In Reading, we learned to look for words inside of words to help us figure out unknown words.  These words inside of words will also teach us about spelling patterns and phonetic representations based on the combination and placement of letters.  Don’t tell the kids all of that though; they just think it’s fun! We referred to our butterflies as we talked about developmental changes.  Children change A LOT over the primary years (first and second grades.)  We like to talk about growing brains, growing ears, growing fingers (fine-motor skills) and growing speech patterns as teeth fall out and grow in.  The children begin to understand that the easiest way for me to see where they are along this growing path is to show me how they spell.  It may not be perfect, but it’s the misspellings that help me to see where they are developmentally and what we need to work on next.  This comfort in ‘misspellings’ will be an essential component in our writing workshop.  On Friday, I gleaned a tremendous amount (not only about the class’ spelling, but also about who they are as learners and workers) from our initial spelling assessment.  And several children have completed our first reading assessment, which we do three times a year to measure reading progress. The rest of the class will complete this assessment next week.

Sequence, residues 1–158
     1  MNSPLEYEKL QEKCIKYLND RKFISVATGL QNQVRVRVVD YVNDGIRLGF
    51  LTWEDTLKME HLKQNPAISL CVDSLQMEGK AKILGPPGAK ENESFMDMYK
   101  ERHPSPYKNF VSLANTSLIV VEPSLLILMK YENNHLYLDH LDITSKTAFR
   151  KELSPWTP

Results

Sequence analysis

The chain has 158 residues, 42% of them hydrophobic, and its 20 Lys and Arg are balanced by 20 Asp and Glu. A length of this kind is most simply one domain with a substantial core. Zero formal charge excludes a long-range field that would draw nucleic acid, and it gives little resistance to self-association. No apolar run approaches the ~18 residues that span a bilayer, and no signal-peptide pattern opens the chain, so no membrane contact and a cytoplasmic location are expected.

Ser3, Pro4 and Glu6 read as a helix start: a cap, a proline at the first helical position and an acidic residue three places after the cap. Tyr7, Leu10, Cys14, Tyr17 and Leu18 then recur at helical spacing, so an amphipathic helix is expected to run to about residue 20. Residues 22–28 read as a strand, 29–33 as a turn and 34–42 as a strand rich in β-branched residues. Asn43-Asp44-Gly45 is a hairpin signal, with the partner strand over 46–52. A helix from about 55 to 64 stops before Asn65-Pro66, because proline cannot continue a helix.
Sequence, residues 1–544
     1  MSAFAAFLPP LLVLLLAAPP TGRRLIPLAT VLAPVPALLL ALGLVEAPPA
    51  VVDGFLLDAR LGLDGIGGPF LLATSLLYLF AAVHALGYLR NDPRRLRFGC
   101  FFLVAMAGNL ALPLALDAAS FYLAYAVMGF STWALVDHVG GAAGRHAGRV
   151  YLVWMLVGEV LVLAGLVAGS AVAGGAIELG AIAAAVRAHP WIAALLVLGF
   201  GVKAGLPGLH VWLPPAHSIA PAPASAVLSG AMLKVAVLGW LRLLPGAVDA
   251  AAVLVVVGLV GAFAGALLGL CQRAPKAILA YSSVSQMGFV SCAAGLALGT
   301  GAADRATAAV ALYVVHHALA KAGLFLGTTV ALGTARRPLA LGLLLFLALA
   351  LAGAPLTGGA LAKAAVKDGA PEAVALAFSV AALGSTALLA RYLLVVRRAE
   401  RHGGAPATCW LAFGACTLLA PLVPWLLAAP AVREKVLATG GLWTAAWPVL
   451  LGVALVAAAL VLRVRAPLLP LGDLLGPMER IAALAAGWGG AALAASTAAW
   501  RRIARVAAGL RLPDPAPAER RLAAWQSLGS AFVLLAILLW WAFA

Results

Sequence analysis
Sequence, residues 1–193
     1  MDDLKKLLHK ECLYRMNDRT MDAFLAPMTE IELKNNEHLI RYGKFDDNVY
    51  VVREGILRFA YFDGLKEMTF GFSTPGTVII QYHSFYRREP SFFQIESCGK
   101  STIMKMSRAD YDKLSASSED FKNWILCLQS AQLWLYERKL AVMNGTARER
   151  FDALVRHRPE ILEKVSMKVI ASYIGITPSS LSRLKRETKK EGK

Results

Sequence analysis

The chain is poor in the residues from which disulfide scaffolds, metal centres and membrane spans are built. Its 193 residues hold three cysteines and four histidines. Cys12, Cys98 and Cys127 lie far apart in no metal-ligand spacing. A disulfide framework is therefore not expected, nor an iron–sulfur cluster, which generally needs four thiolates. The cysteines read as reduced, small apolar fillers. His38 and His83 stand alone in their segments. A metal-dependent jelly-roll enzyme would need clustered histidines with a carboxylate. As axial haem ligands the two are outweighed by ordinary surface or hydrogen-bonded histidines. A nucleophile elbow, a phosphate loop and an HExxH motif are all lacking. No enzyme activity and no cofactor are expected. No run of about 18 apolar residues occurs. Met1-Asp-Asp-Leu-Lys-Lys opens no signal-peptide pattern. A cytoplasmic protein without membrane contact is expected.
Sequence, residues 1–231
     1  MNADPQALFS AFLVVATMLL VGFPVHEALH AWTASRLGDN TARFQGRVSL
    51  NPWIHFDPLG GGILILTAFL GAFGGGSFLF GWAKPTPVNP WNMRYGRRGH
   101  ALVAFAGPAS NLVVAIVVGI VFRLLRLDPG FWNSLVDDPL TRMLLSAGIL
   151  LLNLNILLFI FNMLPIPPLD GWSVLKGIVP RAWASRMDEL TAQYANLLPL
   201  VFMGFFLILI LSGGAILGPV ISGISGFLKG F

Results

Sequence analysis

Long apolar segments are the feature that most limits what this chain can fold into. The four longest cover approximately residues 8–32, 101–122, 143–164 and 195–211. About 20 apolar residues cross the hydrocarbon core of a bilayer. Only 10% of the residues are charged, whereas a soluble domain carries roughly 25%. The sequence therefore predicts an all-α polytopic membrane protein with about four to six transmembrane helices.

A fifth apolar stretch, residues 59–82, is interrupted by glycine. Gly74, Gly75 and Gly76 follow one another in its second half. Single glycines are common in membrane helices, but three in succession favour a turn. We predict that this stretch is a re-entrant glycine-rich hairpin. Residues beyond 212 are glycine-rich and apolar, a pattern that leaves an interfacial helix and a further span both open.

On Thursday, half the class went to Art and half to Science (they will reverse that order on Monday.)  Our groupings for Art and Science are: Group One (Art-Mondays, Science-Thursdays): Abraham, Elody, Leah, Logan, Nolan and Peter. Group Two (Art-Thursdays, Science-Mondays): Alice, Giselle, Jada, Lucas, Luna, Olivia and Viet.  All kids had music twice (on Thursday and Friday) and some had Spanish on Friday.  Groupings for Music and Spanish are: Group A (Spanish on Wednesdays): Abraham, Alice, Giselle, Jada, Lucas, Olivia and Peter.  Group B (Spanish on Fridays): Elody, Leah, Logan, Luna, Nolan, and Viet.  These groups are intentional based on requests from the specials teachers and my plan for small group guided reading and they may change throughout the year as our readers emerge and grow and needs change.  Second graders will go to Drama, Library and Gym as a one group. We were all delighted to see Jim Hayes back for Gym on Friday!  Jim will be filling in when he can until a permanent replacement has been hired. Please refer to the attached schedule for a graphic guide to specials and classroom learning times. Also attached is a list of the current groupings for specials.

Are you tired yet?  I am!  And I’m sure your children were on Thursday and Friday.  Please remember that your child will need extra emphasis on sleep this coming week as it is our first full week of school.  We work hard every day and they will be tired.  Children function best in school if they are well rested.  Keep in mind that the recommended amount of sleep for children 7-8 years is 9-11 hours, with a few children able to get by with only 8 hours and others needing up to 12 hours to get through the day successfully.

We have a field trip in the making, I think.  More information to come later as the plans unfold. For now, would you please remind me if you are a possible driver for field trips?

Last, but not least, please send in your lunch order forms so that Nicole Armstrong and her dedicated crew can get the lunch program up and running.  Thank you, Nicole!

Best,

Susan

 

Books Shared:

The Name Jar by Yangsook Choi

Monarch Butterfly (Life Cycles) by David Schwarz

Farfallina & Marcel by Holly Keller